Saturn’s Repository recently learned that free speech advocate Phil Davison no longer serves in the Minerva Village Council. According to a brief mention in the Canton Repository in August, Davison, who just last year received the nickname “American’s Councilman” decided not to seek a fifth four year term to the seat. He could not be immediately reached for comment.
Davison, who had served in the council as a Republican since 1997, is best known for the passionate speech he delivered to the Stark County Republican Party while unsuccessfully seeking the party’s 2010 nomination for county treasurer. Though the speech likely made Davison the most well-known village councilman in the United States, Davison had informed Saturn’s Repository in 2013 that he suffered politically as a result of the speech.
“Many in my hometown were angered after I gave the speech,” said Davison, “as [if] I somehow violated their codes or belief systems. I am to be seen and not heard.”
Davison, who had faced the prospect of his first election since his speech, referred to his community’s reaction as “bizarre thinking.” It is unclear whether any of this contributed to his decision not to run for re-election.
Aside from the speech, during his tenure, Davison took a sensible and responsive approach to governance:
When the issue of property vandalism came before the council, rather than seeing it like his contemporaries as an enforcement issue, Davison focused on the underlying cause of the vandalism: youth’s “idle time.” When an historical hotel was slated to be destroyed, Davison acted upon the concerns of his constituents and framed the matter as an obligation to preserve history, emphasizing, “If we lose our history, that’s our identity.” The hotel still stands. When a noise ordinance was proposed, Davison raised concerns nobody else considered such as the individual rights of residents, and “how noise will be monitored, who will do the monitoring, and how much will it cost to train people to monitor.”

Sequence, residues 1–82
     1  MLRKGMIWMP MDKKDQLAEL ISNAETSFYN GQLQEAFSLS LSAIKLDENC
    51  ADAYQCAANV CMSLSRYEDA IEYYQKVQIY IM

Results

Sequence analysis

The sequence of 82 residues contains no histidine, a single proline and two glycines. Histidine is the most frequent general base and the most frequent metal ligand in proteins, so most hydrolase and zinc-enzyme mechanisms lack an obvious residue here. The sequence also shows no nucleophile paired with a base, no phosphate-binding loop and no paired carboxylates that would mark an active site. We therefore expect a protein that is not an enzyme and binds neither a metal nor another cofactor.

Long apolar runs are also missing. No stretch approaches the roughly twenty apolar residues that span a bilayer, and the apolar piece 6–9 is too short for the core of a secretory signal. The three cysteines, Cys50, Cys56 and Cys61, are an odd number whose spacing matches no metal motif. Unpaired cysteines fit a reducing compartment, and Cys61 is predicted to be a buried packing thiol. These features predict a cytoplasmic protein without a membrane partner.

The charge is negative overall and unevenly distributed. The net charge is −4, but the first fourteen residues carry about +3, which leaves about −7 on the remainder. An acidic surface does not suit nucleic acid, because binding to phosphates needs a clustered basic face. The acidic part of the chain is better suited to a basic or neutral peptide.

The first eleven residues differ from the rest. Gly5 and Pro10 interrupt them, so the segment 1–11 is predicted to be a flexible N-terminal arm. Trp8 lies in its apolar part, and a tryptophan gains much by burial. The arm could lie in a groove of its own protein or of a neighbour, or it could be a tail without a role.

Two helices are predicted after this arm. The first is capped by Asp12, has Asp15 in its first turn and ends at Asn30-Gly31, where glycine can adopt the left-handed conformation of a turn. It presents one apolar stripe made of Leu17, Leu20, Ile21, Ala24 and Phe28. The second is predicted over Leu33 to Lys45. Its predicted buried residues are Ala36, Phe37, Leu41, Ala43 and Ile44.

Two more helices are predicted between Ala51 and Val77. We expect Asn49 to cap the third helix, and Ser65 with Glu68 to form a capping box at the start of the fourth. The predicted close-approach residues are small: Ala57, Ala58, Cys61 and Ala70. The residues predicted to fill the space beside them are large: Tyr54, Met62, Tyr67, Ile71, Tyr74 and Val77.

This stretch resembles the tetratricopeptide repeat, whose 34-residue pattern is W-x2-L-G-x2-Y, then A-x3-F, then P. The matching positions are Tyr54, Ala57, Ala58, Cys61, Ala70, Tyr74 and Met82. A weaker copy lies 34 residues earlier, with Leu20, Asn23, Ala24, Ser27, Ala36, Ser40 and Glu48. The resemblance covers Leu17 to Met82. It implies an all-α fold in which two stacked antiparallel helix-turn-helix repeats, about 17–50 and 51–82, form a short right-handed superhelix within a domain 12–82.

Davison summed up his political method in a 2009 interview with The News Leader, “I try to be around and talk to people and listen to what they say and incorporate their ideas and get back to them when they have an issue . . . I consider it an honor and a privilege to serve our community.”
On what he hoped to accomplish, in 2010, Davison remarked:
If one person would get up and do something different, like go to a village council meeting or go talk to a neighbor about getting an improvement in water, an improvement in sewer, an improvement in fire protection or police protection, then I’ve done something worthwhile . . . I encourage everyone to run for office and go out and question the people who are representing you.
Davison is currently mulling a potential Libertarian Party run for President of the United States in 2016.